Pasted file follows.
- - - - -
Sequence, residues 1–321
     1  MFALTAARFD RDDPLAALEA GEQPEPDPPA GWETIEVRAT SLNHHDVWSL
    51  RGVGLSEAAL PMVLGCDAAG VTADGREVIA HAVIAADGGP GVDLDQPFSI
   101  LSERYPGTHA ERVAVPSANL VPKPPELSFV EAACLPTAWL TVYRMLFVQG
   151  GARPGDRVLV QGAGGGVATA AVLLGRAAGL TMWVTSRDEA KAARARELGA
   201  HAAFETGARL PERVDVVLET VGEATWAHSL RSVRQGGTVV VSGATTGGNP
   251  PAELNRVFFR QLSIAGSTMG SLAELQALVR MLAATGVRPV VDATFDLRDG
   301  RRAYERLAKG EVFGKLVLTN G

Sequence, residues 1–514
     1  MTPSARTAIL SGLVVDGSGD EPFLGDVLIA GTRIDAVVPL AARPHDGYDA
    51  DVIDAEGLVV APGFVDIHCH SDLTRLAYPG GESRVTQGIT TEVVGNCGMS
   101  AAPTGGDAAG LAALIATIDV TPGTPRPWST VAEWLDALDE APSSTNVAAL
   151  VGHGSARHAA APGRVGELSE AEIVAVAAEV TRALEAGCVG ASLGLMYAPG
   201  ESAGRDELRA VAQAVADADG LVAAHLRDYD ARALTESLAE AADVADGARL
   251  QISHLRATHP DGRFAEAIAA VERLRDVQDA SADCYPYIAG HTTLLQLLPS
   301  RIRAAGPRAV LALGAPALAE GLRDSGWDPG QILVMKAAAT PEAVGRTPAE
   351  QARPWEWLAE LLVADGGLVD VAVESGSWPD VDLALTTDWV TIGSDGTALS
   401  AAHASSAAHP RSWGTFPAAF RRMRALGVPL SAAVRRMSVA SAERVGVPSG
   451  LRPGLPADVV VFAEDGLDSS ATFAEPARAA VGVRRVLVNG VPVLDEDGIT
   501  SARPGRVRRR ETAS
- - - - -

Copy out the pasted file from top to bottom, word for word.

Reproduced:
Sequence, residues 1–321
     1  MFALTAARFD RDDPLAALEA GEQPEPDPPA GWETIEVRAT SLNHHDVWSL
    51  RGVGLSEAAL PMVLGCDAAG VTADGREVIA HAVIAADGGP GVDLDQPFSI
   101  LSERYPGTHA ERVAVPSANL VPKPPELSFV EAACLPTAWL TVYRMLFVQG
   151  GARPGDRVLV QGAGGGVATA AVLLGRAAGL TMWVTSRDEA KAARARELGA
   201  HAAFETGARL PERVDVVLET VGEATWAHSL RSVRQGGTVV VSGATTGGNP
   251  PAELNRVFFR QLSIAGSTMG SLAELQALVR MLAATGVRPV VDATFDLRDG
   301  RRAYERLAKG EVFGKLVLTN G

Sequence, residues 1–514
     1  MTPSARTAIL SGLVVDGSGD EPFLGDVLIA GTRIDAVVPL AARPHDGYDA
    51  DVIDAEGLVV APGFVDIHCH SDLTRLAYPG GESRVTQGIT TEVVGNCGMS
   101  AAPTGGDAAG LAALIATIDV TPGTPRPWST VAEWLDALDE APSSTNVAAL
   151  VGHGSARHAA APGRVGELSE AEIVAVAAEV TRALEAGCVG ASLGLMYAPG
   201  ESAGRDELRA VAQAVADADG LVAAHLRDYD ARALTESLAE AADVADGARL
   251  QISHLRATHP DGRFAEAIAA VERLRDVQDA SADCYPYIAG HTTLLQLLPS
   301  RIRAAGPRAV LALGAPALAE GLRDSGWDPG QILVMKAAAT PEAVGRTPAE
   351  QARPWEWLAE LLVADGGLVD VAVESGSWPD VDLALTTDWV TIGSDGTALS
   401  AAHASSAAHP RSWGTFPAAF RRMRALGVPL SAAVRRMSVA SAERVGVPSG
   451  LRPGLPADVV VFAEDGLDSS ATFAEPARAA VGVRRVLVNG VPVLDEDGIT
   501  SARPGRVRRR ETAS